IF WE WERE TO NAME ANY ARCHITECTS WHO ALWAYS GIVE THOUGHT TO PEOPLE AND THEIR BUILDINGS FIRST, THIS IRANIAN ARCHITECTURE FIRM, CAAT STUDIO WOULD UNDOUBTEDLY STAND OUT FROM THE LINEUP
The first few times we saw some of CAAT Studio’s works, we could not help but be distracted by the lines and forms of their buildings as we ended up focusing on other things instead of the relationship between architecture and people, despite the fact that this is one of the elements that CAAT Studio’s founders, Mahdi Kamboozia and Helena Ghanbari prioritize when they begin the design process for each project.
“One of the most important things for people is privacy. They don’t want somebody out there to be able to look into their house, but they still need good ventilation and natural light. So we try to come up with the most suitable design solution, which in this case was the screens holes, to enhance ventilation while offering a required level of privacy. Do you believe that after we did that with one of the houses, and even though the owner wasn’t quite familiar with the way it looked, after a period of actually living with it, they were very pleased with the result. Their neighbors also saw how good this solution was and they wanted to do the same. We really like it when something like this happens. We love to go back and see what our designs look like after 2-3 years, to be able to see their present existence and the changes that have happened to them after they have been used,” said Kamboozia.
WE LOVE TO GO BACK AND SEE WHAT OUR DESIGNS LOOK LIKE AFTER 2-3 YEARS, TO BE ABLE TO SEE THEIR PRESENT EXISTENCE AND THE CHANGES THAT HAVE HAPPENED TO THEM AFTER THEY HAVE BEEN USED.
“In Iran, people think that most unique projects would be so expensive so that becomes one of our goals; how to create exceptional and original pieces of architecture that are economically reasonable using affordable or even low-priced materials.” This is the reason why CAAT is always looking for the tectonic elements in the architectural construction techniques and basic skills possessed by Iranian local workmen before translating them into the studio’s architectural language. For Kamboozia and Ghanbari, the same construction techniques can create new and original bodies if an architect is able to utilize and maximize such know-how. One of the examples is the brickwork of Iranian workmen employed in the readjustment of the façade of the original structural grid of Kahrizak Residential Project. The architects materialize the built structure with their aesthetic language while at the same time fulfilling the owner’s requirements for the maximization of space. It’s one of the studio’s projects where high quality craftsmanship skills are employed with a budget that is carefully controlled to render the desired final outcome. Kamboozia also discussed other projects such as Anthropology Open Air Museum in Tehran where the team worked closely with the government as a part of its attempt to rethink and reorganize the ‘forgotten spaces’ in Tehran. CAAT proposed the idea for the museum to be constructed under Mirdamad Bridge for it’s one of the areas in the city that had been left unused. Turning the space into a public area where everyone was granted accessibility, therefore, seemed like a sound solution.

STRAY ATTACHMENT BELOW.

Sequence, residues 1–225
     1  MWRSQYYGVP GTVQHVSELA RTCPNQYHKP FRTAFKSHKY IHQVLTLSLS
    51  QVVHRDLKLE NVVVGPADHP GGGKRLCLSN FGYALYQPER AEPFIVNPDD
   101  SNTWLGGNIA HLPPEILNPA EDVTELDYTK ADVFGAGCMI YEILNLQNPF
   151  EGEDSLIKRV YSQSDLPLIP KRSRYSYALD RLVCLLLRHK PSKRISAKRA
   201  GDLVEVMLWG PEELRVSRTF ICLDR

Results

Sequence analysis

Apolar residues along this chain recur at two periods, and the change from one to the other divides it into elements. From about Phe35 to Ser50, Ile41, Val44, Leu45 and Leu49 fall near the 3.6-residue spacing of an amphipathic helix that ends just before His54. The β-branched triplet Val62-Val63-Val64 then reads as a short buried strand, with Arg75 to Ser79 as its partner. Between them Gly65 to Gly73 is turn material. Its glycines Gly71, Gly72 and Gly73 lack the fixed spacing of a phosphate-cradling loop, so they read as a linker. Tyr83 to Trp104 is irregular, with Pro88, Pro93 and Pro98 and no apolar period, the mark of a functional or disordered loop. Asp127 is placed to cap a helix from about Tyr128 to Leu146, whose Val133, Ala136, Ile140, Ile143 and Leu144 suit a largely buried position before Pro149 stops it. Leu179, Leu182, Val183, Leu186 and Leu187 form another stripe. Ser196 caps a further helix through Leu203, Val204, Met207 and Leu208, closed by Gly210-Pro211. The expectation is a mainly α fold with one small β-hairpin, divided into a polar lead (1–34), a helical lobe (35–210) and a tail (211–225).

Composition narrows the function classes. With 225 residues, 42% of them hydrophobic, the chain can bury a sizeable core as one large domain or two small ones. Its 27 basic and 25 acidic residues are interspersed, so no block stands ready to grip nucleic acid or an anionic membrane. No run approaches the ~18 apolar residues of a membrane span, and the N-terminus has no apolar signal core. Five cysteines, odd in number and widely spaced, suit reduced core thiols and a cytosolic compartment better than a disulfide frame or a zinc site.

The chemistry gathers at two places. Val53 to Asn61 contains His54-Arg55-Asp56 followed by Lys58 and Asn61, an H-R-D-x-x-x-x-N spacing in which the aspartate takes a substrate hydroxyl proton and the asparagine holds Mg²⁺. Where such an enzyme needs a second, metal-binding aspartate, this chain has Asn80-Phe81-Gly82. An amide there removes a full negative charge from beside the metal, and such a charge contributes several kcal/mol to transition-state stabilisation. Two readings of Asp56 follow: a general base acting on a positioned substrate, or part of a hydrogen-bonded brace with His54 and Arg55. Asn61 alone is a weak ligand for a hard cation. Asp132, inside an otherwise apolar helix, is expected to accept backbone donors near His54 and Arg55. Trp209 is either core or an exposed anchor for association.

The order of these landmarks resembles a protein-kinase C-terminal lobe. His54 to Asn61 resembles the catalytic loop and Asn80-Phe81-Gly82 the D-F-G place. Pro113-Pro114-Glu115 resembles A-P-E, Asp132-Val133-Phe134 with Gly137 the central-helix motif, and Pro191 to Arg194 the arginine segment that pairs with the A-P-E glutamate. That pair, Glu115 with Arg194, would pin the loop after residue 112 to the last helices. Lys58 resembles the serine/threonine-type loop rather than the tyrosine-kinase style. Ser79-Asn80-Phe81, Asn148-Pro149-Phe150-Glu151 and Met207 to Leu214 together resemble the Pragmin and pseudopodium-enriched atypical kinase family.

“We like competing in design competitions and present the ideas we have for different cities, whether it’s the Anthropology Museum or Media Center. The latter is the project we proposed to the city of Tehran through the university but it has been five years now. But we have heard some good news that the government is looking for a way to fund the project.”
One of the biggest competitions they have entered was Guggenheim Helsinki, in which they presented a very interesting scheme where the two sides of the buildings were realized to be architecturally and physically meaningful. CAAT explained how on one side, the building embraces the status of the Guggenheim Museum and the way it will be perceived by the world, while on the other side the museum speaks and relates itself to the Finnish Capital. The structure, therefore, serves as a medium that both connects and facilitates the two statuses with the transparency of the waterfront gallery space that opens itself up to the majestic presence of the river and the city-facing elevation designed to be in the form of massive sloping steps that rest themselves upon and span from the top of the building to the ground area. The steps gradually dissolve their physicality as a part of the city’s urban fabric as the transition renders a spectacularly expansive public space. Unfortunately, the design didn’t make it to the final round.
“It’s kind of a shame that the design didn’t get picked up. But being architects in a country that has only recently opened itself to the outside world, participating in international design competitions of such scale allows our ideas and visions to be seen, and perhaps that’s the most important thing of all, especially at the moment,” Kamboozia answers with a smile as his associates nods in agreement.
TEXT: NARONG OTHAVORN